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Movie Detail Monday: ‘Goldfinger’ and the Bomb Countdown Blooper

Margaret Nolan Goldfinger Title Sequence
United Artists

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Movie Detail Monday: ‘Goldfinger’ and the Bomb Countdown Blooper

Three more ticks and Mr. Goldfinger would’ve hit the jackpot.

This edition of Movie Detail Monday is in memory of Margaret Nolan, who passed away at the age of 76 on Oct. 5. Nolan was an actress and artist, perhaps best known as the gold-painted model in the title sequence for the 1964 James Bond film “Goldfinger.”

Nolan also played the role of Dink in the film, though her acting career and overall pop culture appearances transcended film. According to filmmaker Edgar Wright, who broke the news on Sunday, “She was the middle of Venn diagram of everything cool in the 60’s; having appeared with the Beatles, been beyond iconic in Bond and been part of the Carry On cast too.”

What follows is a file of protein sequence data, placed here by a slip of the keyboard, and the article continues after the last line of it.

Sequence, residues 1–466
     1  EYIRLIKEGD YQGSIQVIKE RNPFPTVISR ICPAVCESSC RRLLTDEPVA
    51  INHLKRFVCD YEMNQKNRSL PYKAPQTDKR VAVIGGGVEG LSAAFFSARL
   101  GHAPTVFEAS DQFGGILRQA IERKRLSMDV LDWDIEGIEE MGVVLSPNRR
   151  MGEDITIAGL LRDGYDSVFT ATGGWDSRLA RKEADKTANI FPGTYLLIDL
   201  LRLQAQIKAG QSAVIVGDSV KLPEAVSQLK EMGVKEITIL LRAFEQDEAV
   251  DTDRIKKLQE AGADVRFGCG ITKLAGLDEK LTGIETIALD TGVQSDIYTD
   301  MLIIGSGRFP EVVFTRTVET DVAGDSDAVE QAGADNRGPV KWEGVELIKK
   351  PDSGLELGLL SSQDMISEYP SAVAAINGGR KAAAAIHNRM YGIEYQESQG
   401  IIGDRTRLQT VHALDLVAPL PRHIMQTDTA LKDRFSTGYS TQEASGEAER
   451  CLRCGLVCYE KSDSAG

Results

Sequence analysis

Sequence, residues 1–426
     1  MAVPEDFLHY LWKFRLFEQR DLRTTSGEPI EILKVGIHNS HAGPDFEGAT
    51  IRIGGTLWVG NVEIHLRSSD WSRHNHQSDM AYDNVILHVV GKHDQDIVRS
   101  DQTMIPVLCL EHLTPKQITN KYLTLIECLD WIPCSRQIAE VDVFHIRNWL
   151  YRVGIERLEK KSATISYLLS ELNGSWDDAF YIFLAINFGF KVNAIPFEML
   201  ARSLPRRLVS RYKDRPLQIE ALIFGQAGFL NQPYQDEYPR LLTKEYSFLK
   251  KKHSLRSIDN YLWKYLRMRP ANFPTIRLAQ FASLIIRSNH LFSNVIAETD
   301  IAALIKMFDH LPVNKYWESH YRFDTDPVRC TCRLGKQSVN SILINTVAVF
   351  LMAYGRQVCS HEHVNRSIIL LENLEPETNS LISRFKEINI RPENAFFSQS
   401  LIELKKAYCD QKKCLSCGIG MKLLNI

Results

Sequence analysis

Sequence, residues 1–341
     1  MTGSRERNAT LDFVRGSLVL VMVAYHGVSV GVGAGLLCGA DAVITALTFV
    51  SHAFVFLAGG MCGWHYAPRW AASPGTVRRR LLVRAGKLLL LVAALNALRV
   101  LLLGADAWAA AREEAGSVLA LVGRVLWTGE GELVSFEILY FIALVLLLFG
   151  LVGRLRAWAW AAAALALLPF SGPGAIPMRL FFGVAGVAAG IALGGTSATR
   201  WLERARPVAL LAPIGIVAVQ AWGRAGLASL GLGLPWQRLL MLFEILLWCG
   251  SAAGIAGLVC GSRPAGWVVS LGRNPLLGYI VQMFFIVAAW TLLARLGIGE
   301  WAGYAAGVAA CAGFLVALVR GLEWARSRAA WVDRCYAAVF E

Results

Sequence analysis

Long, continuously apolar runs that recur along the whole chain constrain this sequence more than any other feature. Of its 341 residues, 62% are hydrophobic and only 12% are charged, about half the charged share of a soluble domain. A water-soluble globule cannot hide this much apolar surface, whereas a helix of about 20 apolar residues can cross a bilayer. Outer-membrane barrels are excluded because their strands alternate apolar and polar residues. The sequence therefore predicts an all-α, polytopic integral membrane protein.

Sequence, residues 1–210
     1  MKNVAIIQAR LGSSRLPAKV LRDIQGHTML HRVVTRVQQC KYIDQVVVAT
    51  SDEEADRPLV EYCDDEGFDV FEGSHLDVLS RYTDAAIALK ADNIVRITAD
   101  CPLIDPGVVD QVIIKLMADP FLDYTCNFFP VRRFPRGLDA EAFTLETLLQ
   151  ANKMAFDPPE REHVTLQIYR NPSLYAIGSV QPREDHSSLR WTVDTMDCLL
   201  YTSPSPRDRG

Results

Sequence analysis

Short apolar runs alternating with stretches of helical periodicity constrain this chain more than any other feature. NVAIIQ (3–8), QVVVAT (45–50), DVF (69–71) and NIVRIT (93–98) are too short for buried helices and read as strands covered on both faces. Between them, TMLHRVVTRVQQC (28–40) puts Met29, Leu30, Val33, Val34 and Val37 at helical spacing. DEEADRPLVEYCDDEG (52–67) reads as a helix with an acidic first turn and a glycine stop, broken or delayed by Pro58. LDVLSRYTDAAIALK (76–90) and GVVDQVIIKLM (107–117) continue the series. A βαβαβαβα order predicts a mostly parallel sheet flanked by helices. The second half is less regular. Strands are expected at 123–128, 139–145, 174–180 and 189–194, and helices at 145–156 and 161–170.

As with any Bond film, there are TONS of Easter eggs and bits of trivia to report. But this one in particular stands out more than most: the atomic bomb countdown sequence contains a pivotal blooper.

By all accounts, the bomb was supposed to be diffused with just three seconds until detonation, giving Bond and everyone in the audience flop sweat and a bit of an anxiety-induced heart attack. Bond even says after the fact, “Three more ticks and Mr. Goldfinger would’ve hit the jackpot.”

Yet the countdown clock never hits three. We’re shown the countdown to have stopped at seven, or more specifically 0:07 (get it?). But why?

Simple. The scene would’ve been written by co-writers Richard Maibaum and Paul Dehn with as much tension and anxiety as possible–because that’s what writers do–hence the countdown clock nearly reaching detonation.

However, a keen-eye editor in the editing suite would’ve also noticed the countdown clock hitting “0:07,” which is just too good of a coincidence to pass up.

Therefore in the final cut, the visual doesn’t jive with the audio. Had James Bond said “a few more ticks” as opposed to specifically “three more ticks,” this all probably would’ve gone by the wayside. Yet this is one blooper-related detail that we’re glad didn’t end up on the cutting room floor.

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